At the height of his killing spree in the 1970s, the psychopath was executed in 1989, would feign a broken arm or leg and ask young women for help before murdering them.
But at the time of his convictions DNA typing was not widely used, but now the advances in the technology have enabled investigators to link serial killers like Bundy, to unsolved crimes.
His blood, recovered from an evidence lab in Columbia County, Florida, will be entered into the FBI's Combined DNA Index System (CODIS) on Friday - something investigators are calling a major milestone.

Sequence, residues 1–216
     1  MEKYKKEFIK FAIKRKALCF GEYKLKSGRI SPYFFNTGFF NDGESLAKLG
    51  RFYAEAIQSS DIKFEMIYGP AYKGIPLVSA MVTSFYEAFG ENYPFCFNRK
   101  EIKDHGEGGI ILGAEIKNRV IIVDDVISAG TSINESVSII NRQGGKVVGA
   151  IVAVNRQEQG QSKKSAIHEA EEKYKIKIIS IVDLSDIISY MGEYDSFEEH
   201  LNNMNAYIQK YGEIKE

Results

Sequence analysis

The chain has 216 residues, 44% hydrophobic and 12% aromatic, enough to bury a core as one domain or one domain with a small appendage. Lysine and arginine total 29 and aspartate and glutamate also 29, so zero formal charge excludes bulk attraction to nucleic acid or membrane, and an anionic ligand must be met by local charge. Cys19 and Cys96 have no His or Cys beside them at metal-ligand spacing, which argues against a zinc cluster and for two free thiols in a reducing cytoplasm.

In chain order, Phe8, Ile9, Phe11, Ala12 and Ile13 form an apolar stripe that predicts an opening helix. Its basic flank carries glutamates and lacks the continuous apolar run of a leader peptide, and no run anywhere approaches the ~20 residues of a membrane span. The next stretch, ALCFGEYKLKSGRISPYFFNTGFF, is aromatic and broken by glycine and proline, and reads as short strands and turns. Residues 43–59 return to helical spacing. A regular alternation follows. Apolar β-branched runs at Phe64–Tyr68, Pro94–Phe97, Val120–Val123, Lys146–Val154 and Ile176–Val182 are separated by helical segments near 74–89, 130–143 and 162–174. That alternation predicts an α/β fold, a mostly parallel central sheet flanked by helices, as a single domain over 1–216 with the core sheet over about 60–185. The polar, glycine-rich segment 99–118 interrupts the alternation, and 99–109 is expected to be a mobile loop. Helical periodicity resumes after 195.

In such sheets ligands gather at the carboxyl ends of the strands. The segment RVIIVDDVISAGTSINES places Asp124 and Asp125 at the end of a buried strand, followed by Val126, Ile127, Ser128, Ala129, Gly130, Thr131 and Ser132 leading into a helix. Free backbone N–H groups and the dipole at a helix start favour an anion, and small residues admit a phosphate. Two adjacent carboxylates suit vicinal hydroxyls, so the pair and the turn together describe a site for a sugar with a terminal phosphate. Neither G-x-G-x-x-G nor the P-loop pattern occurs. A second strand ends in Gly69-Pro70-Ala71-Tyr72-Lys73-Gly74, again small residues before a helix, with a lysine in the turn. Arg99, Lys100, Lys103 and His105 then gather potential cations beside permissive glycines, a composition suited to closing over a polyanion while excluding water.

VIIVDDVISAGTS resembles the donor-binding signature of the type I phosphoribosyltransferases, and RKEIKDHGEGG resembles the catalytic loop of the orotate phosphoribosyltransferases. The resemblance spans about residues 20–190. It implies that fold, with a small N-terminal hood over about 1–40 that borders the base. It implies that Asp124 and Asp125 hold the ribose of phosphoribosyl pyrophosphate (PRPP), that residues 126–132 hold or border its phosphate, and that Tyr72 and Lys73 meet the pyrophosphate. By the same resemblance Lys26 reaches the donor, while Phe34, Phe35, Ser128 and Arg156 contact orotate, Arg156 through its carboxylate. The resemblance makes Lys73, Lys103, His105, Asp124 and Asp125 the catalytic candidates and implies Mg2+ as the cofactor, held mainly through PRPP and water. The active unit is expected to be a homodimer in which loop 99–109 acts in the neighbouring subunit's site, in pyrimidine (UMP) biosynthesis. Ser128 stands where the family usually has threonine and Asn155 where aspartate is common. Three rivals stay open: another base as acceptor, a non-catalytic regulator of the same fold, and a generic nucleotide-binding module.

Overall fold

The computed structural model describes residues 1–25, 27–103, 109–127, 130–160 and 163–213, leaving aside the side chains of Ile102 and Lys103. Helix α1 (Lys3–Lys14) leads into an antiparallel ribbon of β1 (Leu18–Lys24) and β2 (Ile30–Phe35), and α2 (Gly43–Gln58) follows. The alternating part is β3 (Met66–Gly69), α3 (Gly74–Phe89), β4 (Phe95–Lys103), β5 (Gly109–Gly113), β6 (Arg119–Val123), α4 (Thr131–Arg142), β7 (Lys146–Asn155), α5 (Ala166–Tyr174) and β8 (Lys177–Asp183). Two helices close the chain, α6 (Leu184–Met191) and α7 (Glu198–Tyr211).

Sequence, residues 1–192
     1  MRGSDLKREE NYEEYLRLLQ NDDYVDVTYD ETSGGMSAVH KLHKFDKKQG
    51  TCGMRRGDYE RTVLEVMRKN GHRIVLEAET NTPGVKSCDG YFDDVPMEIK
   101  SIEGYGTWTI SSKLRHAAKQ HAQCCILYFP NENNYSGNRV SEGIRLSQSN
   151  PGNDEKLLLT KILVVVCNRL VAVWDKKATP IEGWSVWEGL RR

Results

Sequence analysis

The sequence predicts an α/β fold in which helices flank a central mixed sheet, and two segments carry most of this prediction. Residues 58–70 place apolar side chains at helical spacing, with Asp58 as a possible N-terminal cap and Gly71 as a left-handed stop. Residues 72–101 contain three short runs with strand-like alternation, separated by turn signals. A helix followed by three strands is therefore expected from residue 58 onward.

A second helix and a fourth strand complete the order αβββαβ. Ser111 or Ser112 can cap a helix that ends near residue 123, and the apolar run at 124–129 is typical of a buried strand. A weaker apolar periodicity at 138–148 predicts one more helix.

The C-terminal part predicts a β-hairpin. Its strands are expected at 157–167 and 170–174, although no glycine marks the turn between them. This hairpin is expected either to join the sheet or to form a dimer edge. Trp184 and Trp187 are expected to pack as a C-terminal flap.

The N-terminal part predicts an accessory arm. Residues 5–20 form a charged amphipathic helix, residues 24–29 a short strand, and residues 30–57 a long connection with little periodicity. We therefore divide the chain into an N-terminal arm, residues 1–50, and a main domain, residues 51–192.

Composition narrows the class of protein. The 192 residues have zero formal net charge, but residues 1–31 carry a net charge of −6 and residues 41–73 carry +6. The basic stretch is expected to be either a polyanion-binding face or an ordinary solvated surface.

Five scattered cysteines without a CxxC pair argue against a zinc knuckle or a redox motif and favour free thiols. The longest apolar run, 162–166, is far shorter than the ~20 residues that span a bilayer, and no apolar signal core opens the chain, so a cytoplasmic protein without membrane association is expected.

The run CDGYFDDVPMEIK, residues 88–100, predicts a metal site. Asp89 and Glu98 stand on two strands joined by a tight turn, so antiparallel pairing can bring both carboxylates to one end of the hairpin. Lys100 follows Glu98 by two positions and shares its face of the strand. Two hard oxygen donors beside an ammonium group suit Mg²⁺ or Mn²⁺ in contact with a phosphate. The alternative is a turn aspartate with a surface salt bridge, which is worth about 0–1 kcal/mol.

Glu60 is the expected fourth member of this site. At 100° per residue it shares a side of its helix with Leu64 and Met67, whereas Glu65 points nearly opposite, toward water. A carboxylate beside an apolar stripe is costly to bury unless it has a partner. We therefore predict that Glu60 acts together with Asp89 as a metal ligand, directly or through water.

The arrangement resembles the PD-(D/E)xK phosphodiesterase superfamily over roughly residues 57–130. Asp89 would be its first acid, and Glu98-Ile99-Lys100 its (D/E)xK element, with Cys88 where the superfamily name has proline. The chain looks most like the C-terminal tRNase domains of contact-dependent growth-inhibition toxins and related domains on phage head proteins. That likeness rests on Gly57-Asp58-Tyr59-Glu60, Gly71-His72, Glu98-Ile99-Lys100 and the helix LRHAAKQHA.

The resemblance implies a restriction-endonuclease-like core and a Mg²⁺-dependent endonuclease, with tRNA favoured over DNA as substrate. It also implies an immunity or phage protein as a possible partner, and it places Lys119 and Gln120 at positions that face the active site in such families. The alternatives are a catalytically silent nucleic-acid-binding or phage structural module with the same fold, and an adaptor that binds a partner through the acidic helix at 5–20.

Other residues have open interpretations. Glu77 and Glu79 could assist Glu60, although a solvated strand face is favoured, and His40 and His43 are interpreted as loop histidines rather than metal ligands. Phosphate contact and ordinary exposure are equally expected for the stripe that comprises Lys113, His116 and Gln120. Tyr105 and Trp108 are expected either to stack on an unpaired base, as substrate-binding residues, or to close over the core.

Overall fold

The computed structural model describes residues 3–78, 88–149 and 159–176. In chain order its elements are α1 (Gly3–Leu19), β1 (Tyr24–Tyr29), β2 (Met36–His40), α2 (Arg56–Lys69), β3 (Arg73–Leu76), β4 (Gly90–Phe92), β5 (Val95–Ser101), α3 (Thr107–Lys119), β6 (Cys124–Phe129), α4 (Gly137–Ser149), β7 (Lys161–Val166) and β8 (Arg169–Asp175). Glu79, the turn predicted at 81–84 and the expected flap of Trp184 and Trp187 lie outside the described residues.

They now hope it will help them complete his awful profile.
A reopened 1961 cold case involving a missing 8-year-old girl in Tacoma, Washington, was the impetus for the completed DNA profile.
The girl lived along a newspaper route that the then-teenager Bundy worked, according to published accounts.
Florida Department of Law Enforcement spokesman Keith Kameg said: "A profile will assist with whatever evidence you have. It doesn't mean someone did it, but it does mean they were there.
"The technology in the past 25 years went from archaic to phenomenal,"
He added that his department contacted law enforcement agencies across the state seeking any evidence that could be used to build a profile on Bundy.